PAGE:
Endangered Maine birds highlighted in new exhibit
SOUTHWEST HARBOR – A new exhibit at the Wendell Gilley Museum highlights endangered, threatened and extinct bird species from Maine, using a carvings by Wendell Gilley, Harold Haertel and Edwin Hawkes, along with four full-size prints from John James Audubon’s ”Birds of America.”
Handpicked by Tammy Packie, the museum’s longtime visitor services manager, the art on display combines with thoughtfully researched text to show the effect of human-avian interaction in Maine.
“It came about this spring when we were getting so much bad news about COVID-19. I read that one good outcome … was the positive effect on climate change. Pollution slowed worldwide, from carbon levels that decreased global warming to lower ozone levels and decreased particulate pollution. There was an unprecedented hiatus of human pressure on habitat as people stayed in isolation,” Packie says.
So that led me to think of what bird species we had in Maine that are sensitive to these factors, and what examples of those birds we might have in our collection,” she continued.
Through November, the museum will be open on Tuesdays and Thursdays from 10 a.m. to 4 p.m., with a limit of 10 people at a time. Face coverings are required. For reservations, email [email protected].
Preventing the flu
MOUNT DESERT — On Wednesday, Nov. 4, at 5 p.m., Martina Dittmar will give a Zoom talk called “Preventing Colds and Flu: Simple Tips from Ancient Wisdom.” The talk is being sponsored by the Northeast Harbor Library.
Dittmar works with people to help them listen to their body’s inner wisdom in order to heal from health problems. She does this through her work as an Ayruvedic practitioner and spiritual mentor. She teaches people how to meditate, improve their digestion, accept their emotions, develop their intuition and live through their heart.
To register for this event, call 276-3333 or email rsvpnehlibrary.org.
Stories from the sea
ORONO — The Senator George J. Mitchell Center for Sustainability Solutions at the University of Maine will host a talk on stories from the sea and what they reveal about Maine fishing communities on Monday, Nov. 2 from 3-4 p.m.
Scattered among Maine’s coastal communities in historical societies, museums, libraries, community radio stations and schools, the voices of Maine’s fishing communities have been recorded for posterity. With climate change and other factors driving ecological shifts, the local fisheries knowledge contained in Maine’s rich oral history archives is a critical source of information about coastal communities and ecological change. Marine Extension Associate Natalie Springuel will talk about bringing life back to these stories so they can be useful for decision-making, community development and cultural heritage today.
Springuel has been a marine extension associate with Maine Sea Grant since 2000. Her extension programs address working waterfronts and coastal access, fisheries heritage and sustainable tourism planning. She is the coordinator of the Downeast Fisheries Trail, a founder of the National Working Waterfront Network and host of the award-winning public affairs radio show, Coastal Conversations.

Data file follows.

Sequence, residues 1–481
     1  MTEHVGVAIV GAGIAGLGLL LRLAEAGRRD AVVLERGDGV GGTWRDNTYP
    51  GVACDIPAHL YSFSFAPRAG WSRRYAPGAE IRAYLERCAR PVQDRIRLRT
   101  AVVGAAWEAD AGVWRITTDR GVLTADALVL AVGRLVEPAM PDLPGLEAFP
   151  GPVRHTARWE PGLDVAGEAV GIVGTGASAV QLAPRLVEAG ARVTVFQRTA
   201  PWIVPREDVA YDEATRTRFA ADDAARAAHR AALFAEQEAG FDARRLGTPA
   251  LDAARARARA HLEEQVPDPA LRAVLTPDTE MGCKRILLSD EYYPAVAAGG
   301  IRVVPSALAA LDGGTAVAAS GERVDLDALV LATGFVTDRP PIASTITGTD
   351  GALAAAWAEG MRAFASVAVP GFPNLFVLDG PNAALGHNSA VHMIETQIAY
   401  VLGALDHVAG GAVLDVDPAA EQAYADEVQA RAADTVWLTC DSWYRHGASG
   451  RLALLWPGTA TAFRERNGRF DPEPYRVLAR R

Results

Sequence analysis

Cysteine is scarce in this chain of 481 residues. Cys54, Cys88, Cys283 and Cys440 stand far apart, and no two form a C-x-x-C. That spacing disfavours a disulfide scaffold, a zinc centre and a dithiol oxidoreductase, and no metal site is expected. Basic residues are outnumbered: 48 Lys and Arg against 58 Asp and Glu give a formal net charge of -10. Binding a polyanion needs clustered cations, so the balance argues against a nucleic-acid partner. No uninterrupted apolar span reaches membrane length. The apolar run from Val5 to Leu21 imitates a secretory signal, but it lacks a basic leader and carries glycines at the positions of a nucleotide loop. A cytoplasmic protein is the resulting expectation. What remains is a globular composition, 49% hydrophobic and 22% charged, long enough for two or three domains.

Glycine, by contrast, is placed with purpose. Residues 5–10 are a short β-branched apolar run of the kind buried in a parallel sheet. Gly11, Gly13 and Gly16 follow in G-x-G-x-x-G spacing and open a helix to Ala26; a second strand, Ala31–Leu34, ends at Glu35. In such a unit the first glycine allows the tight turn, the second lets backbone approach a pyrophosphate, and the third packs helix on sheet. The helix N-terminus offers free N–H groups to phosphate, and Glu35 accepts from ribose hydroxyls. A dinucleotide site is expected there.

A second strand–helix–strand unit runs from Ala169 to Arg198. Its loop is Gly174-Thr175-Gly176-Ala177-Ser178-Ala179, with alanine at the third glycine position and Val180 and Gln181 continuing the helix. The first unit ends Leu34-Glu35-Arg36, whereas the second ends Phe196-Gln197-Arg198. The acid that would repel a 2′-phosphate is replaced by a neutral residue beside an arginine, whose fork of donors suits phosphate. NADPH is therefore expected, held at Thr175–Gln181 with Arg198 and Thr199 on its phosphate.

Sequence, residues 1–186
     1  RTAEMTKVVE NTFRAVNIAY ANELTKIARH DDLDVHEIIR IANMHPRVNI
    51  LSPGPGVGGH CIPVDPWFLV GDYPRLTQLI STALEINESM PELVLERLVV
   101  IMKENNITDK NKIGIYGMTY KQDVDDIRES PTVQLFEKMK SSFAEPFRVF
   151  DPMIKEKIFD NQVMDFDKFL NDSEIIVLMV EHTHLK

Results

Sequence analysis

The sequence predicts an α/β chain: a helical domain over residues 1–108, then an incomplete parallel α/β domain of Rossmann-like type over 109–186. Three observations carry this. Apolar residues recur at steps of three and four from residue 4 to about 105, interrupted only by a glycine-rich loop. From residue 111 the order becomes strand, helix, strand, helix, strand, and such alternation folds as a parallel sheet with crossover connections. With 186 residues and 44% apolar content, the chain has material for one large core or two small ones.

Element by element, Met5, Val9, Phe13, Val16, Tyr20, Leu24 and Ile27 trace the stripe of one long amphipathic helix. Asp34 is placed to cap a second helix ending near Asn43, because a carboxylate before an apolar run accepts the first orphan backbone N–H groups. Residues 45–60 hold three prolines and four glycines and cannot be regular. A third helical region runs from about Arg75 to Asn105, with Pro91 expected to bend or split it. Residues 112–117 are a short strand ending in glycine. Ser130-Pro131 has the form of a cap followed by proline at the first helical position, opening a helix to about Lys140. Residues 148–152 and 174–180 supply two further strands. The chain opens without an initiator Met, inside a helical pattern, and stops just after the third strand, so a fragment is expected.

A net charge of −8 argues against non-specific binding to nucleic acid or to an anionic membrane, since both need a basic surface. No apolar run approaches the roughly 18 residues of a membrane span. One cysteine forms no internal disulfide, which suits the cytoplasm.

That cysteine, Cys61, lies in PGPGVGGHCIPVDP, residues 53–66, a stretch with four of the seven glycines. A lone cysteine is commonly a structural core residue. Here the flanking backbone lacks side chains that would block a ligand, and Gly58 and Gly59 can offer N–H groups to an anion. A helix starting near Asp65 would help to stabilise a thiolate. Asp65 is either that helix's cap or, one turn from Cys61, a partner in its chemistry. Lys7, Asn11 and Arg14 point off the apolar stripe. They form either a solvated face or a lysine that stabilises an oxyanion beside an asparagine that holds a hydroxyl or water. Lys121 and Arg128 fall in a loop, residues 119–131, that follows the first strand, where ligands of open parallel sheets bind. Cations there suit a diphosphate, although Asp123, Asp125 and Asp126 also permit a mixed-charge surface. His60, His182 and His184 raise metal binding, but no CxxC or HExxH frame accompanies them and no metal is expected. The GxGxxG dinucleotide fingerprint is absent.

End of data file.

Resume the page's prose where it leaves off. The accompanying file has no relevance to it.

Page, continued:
The talk is free and available via Zoom; registration is required. To, visit umaine.edu/mitchellcenter/event.
Online musket presentation
CAMDEN— The Camden Public Library will host local historic reenactor Bill Payson for an online presentation, “Muskets of the American Revolution” on Tuesday, Oct. 27, at 6 p.m. Email [email protected] to request a link to attend this Zoom event.
In 1775, at the beginning of the American War of Independence, the men who stood up to the British Regulars were farmers, laborers and artisans. Most brought their own weapons and fought without pay. In this program, Payson will discuss the New England Fowler, the British 1st model Long Land pattern musket, the French ’63 Charlieville, and related equipment.
Payson has been involved with historic reenacting since 1990. For the last 20 years, he has been a member of Harmon’s Snowshoemen, a group of New England military reenactors who portray frontier soldiers from 1623-1783. Payson collaborated with author Denis Hambucken on the book, “Soldier of the American Revolution: A Visual Reference.”
For more on this and other library programs, visit librarycamden.org.
Worldly talent lends voice to library read-alouds
CAMDEN — The Camden Public Library announces the addition of a new reader for the popular Friday Explorations Read-Aloud Program. Every Friday at 11 a.m., on the library’s Facebook page and YouTube channel, the library will stream a new recording of local thespian, Joseph Coté, reading aloud selections from a wide variety of fiction and non-fiction books.
“Joseph began reading aloud to our Friday group in person last winter,” says Programs Coordinator Julia Pierce. “His captivating voice and talent for engaging an audience quickly made him a favorite. Joseph has experience as a Shakespearean actor, and if you can’t go to see plays because of COVID-19, listening to a skillful orator read aloud is the next best thing!”
Coté grew up in Old Town. While a communications student at UMO, he moved up the ranks from dining room waiter to self-styled “entertainment manager” over three summers at Camden’s historic Whitehall Inn. By graduation in 1971, Coté was plotting a life of travel, exploration and story-gathering. Following his graduate studies at Washington University in St. Louis, Coté explored the world “at someone else’s expense” for 34 years, working in the international five-star hotel industry. After living in 27 foreign cities, Coté retired to Camden in 2018.
Recordings of past readings can be watched any time in the videos section of the library’s Facebook page and Camden Public Library Programs YouTube Channel. To learn about upcoming books to be read aloud, visit librarycamden.org.